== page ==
Old Nelson – a postcard history 1900-1940 by Rob Packer and Barney Brewster, published by Nikau Press, became available for sale in our local bookstores just before Christmas 2017. On March 1st, 2018 its co-authors spoke to our society’s meeting and offered some insights into its production. The images and text reproduced on this site are with their permission and that of the publishers.
To those who have grown up in Nelson, the settings of most of the postcards will be very familiar but the clothes, modes of transport, the crowded nature or emptiness of some of the street scenes are greatly changed. Yet if you look at the two young men crossing Bridge Street on page 13, with their slicked- back hair, and stovepipe trousers showing a fashionable amount of ankle -( their socks might have been shocking pink or ming blue) – straight out of the late 1950’s.
To quote from the book’s blurb: “On the edge of Empire then, the Nelson region was also on the cusp of modernity, as will be seen in this first selection from a notable private collection of postcards. They do say that the past is another country, and how foreign this one looks, yet familiar too. It’s surely Nelson town and country, but how very different the shoreline was then! And not just the seafront, unsurprisingly. Old wagons raise dust old ships and trains belch smoke – and young people play in the street. Hatted gents and ladies go about their business (or leisure) by horse cab or bicycle, or breeze about in quaint old cars. Not that they were quaint then – they were quite the latest. As for the antique fashions, every six year old wonders if these long-gone people realised at the time that they were living in the olden days, but we surely know better.”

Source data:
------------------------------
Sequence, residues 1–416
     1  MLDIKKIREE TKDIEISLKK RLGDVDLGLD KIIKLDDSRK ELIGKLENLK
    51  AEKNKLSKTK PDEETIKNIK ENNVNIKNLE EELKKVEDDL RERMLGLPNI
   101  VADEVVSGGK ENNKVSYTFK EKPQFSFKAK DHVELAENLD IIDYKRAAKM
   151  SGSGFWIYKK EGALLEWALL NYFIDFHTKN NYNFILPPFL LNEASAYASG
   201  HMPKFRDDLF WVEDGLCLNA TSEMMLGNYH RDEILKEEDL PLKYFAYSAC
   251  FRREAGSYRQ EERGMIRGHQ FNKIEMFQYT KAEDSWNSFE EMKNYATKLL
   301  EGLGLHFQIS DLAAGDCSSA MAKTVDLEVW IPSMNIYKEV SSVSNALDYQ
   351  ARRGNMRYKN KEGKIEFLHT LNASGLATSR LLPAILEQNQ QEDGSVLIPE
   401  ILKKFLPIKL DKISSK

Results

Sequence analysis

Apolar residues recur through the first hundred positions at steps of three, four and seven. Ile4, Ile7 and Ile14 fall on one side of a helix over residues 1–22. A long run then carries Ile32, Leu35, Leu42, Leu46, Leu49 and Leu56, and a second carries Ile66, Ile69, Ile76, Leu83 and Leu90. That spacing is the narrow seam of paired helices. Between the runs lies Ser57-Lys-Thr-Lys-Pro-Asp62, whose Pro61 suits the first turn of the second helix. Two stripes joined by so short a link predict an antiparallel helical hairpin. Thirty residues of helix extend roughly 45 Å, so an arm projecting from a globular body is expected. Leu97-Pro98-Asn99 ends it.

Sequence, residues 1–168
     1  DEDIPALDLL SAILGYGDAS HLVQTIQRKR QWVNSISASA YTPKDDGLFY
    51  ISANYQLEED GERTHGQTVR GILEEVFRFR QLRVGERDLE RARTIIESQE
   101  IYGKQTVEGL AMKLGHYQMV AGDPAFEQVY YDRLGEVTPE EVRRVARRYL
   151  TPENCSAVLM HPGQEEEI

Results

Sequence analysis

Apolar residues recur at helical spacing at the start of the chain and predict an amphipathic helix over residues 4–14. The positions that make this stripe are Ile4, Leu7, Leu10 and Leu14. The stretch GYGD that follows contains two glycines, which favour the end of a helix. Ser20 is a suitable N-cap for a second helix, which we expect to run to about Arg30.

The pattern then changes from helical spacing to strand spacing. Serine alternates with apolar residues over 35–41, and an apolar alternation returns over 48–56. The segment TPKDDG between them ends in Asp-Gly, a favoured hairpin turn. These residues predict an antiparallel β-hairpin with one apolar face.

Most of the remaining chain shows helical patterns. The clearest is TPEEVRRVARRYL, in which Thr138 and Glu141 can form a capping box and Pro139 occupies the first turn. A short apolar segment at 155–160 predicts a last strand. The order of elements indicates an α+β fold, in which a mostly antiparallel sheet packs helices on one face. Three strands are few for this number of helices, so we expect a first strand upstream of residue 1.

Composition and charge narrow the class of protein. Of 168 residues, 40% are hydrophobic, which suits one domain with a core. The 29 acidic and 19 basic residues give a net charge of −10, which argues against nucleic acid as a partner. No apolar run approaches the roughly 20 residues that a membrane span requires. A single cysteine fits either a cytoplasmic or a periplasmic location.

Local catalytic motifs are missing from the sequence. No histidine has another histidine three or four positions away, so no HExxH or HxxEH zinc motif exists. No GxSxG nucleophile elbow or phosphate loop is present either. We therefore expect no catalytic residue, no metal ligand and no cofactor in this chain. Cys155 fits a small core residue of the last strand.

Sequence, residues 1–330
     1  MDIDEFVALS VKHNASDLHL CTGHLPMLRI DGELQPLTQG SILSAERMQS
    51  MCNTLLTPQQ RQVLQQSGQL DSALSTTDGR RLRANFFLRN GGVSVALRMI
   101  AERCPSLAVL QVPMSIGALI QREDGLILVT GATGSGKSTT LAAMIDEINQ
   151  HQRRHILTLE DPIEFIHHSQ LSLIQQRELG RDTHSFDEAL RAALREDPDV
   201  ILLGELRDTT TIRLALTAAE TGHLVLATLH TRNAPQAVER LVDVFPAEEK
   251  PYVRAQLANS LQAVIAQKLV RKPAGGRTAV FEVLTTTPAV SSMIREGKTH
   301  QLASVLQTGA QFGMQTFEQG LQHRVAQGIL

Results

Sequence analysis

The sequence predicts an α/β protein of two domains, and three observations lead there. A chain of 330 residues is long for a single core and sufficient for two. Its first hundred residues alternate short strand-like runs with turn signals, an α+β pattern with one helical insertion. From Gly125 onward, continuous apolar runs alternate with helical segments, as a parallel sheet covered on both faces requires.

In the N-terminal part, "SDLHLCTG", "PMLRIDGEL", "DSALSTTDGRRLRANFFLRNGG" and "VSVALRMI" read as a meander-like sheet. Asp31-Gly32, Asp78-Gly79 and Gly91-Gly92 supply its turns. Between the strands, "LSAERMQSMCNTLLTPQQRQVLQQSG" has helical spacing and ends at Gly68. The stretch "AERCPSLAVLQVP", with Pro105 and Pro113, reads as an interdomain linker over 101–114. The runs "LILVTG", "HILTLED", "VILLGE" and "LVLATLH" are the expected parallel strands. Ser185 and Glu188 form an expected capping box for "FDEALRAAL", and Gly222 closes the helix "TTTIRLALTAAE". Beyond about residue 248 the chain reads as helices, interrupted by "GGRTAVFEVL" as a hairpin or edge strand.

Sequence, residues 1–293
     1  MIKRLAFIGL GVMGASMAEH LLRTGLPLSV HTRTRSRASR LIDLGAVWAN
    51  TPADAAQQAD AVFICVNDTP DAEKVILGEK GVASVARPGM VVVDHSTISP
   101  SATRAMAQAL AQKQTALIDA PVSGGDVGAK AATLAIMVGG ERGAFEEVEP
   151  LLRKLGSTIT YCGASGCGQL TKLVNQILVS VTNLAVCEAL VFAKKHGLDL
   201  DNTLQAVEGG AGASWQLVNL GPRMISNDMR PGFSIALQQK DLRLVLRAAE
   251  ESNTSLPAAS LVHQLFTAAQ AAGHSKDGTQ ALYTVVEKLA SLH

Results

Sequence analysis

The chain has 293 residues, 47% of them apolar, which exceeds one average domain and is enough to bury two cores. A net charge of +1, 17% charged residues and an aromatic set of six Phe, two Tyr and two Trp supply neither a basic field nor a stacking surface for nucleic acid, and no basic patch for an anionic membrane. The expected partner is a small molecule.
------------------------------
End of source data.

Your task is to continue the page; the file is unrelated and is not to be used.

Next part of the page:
The postcards are not solely focused on Nelson and its immediate environs. There are cards from Murchison (the earthquake ones), Golden Bay, the Waimea and the Moutere. Most are from the F. N. Jones collection. Some record famous events: the first aeroplane to land in Nelson/Stoke and Motueka, the visit of the Duke and Duchess of York in 1927 (later to be King and Queen), others natural events (a hail storm in 1911) and men training for war as well as the peace celebrations which finally followed.
When asked what guided their choice from the hundreds in Rob’s collection the reply was simple, “We chose the ones we liked.” So in each case the motivation for inclusion was some personal connection – a great way to ensure that this collection is full of life, made more meaningful by Barney’s commentary on each one which often draws attention to details which he was able to see more easily on the original negatives.
This is a fascinating overview of life in the Nelson Province in the first half of the 20th Century.
Rosie-Anne Pinney from Cambria Craft Bindery in Nelson conducted a bookmaking workshop in the Tasman District Library last week.
But that was not all. She also explained the steps she would take to restore a bound book which was in need of repair. Trained by a master bookbinder in Oxford, Rosie Anne who lives in Nelson, can now offer her skills to us in New Zealand.